Monday, September 17, 2007

BOOK REVIEW WEEK, 1 -- veinglory as usual

My thoughts on the subject of book reviews are disorganised and generally unsatisfactory. I know I am dissatisfied, annoyed and confused. I know that I don't really 'get' what is happening with book reviews and the whole reader-writer-reviewer dynamic. That is why I invited a few people to come and give me their thoughts in the hope it might help me arrange mine...

But I am going to open the week with my usual babbling and a collection of talking points in no particular order.


1) Blogs Didn't Kill Professional Reviewing, Professional Reviewing Did.
The book review sections of major newspaper never sold much ad space, and never made any money. Apparently they never felt the need to. Apparently they were wrong. Commentators blamed sliding literacy, publishers for not buying ad-space, newspapers for their venal priorities...and blogs. Economic reality came crashing down on the pro reviewers heads around the same time as the rise of the blogverse but the cause was their persistent lack of interest in readers--their readers, the readers of books, any readers. If pro reviewers can't interest readers, can't do it better than amateurs, what the hell do they expect?


2) You Can't Milk a Golden Goose
So if you are trying to publish a professional review magazine or webzine you do need to have readers and sell advertising. But am I really naive to think this can be done without deliberately short changing the readers? I just received my first every copy of Affaire de Coeur magazine. The graphic presentation was a little awkward but not ugly--but I don't care much about that. But I did find it odd that they were paying for full cover printing but the review pages have no cover art on them. Cover art is extremely useful to the reader in remembering and finding books and there is plenty of whitespace on these pages where cover art could have been shown. Then I noticed that a handful of books do have cover art shown--you guessed it, the one for authors or presses who paid for ads. So the other reviews are deliberately made more ugly and less useful to provide a perk for paying advertisers? And most of the few articles are also related directly to advertised products. I get that review publications need to make money but as soon as this is done at the clear expense of providing readers with content because it is of interest and presenting it so it is attractive and useful to the readers, then that undermines the basic business model of reviews being for the benefit of readers (especially in formats where the readers muct actually pay for the magazine).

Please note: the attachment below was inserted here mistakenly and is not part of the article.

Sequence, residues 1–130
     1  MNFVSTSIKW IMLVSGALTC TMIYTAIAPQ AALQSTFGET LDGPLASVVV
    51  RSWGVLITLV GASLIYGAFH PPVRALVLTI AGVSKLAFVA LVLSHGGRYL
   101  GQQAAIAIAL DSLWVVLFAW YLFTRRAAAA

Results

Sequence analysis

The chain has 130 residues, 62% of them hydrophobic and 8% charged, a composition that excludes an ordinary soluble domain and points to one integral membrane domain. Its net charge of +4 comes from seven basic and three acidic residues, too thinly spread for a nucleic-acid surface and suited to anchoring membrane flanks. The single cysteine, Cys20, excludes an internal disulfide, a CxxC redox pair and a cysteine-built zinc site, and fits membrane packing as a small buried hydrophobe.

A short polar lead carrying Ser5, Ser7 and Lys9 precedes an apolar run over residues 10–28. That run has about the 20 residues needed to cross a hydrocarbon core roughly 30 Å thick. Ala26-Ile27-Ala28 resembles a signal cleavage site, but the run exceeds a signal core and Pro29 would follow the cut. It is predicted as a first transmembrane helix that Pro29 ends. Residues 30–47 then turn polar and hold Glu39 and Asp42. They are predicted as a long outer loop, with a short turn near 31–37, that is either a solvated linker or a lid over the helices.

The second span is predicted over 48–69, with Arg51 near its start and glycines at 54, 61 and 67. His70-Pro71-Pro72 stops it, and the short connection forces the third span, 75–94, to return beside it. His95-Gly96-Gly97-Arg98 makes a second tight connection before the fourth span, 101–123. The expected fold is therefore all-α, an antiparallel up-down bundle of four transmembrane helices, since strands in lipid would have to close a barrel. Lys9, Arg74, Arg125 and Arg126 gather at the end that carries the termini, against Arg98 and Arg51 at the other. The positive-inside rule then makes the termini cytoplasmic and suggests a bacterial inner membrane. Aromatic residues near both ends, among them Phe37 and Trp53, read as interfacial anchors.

3) Don't Underestimate the Intelligence of Readers
A few comments about book reviews from readers at the RomanticTimes forum:
"I personally never pay any attention to the reviews posted by "professional" reviewers. I like to see what other every day readers think."

"One thing I will say is that I want reviews to say more than "I loved this book, you really need to read it" or "This book was awful, don't waste your money". There are ways to give reviews without giving away spoilers. And the reviews don't have to be favorable, but at least give good, sound reason why the story didn't work - I honestly want to know."

"I definitely check out the reviews – both professional and reader – before I buy a book. I check out as many reviews as I can and I have a list of review sites that I frequently visit. Where I live, the price of a typical new paperback novel is equivalent to 3 lunches, so I try to minimize mistake buys by being as informed as I can be about a book I’m interested in."

"I ... don't like to see spoilers unless it reveals that there is no HEA or that the hero or heroine dies. If there is that type of twist I want to know."


So... that is enough from me--except that I need to go down and update the 'death of StarDust press' post. So if you are on a feed you might want to check into the blog for the updated version. Coming up, posts on book reviewing by reviewers Dawno and BookMom and writers Jennifer McKenzie and Cathy Clamp!

3 comments:

Moondancer said...

You make some good points here about reviews and thier use. I'll have to read over these very carefully and think about what you've said. I've been thinking about linking reviews to author spotlight archives so this is great timing for this post.

Emily Veinglory said...

We have a lot more about reviewing coming up from different points of view: reviewers, writers and publishers.

Laura K said...

I totally agree with your comments about reviewing. Prices of things have gone up too much lately, so my book budget is very small. I trust that reviewers will give sound judgements.

I also look at a variety of reviews,too...don't settle for just one review to make my decision.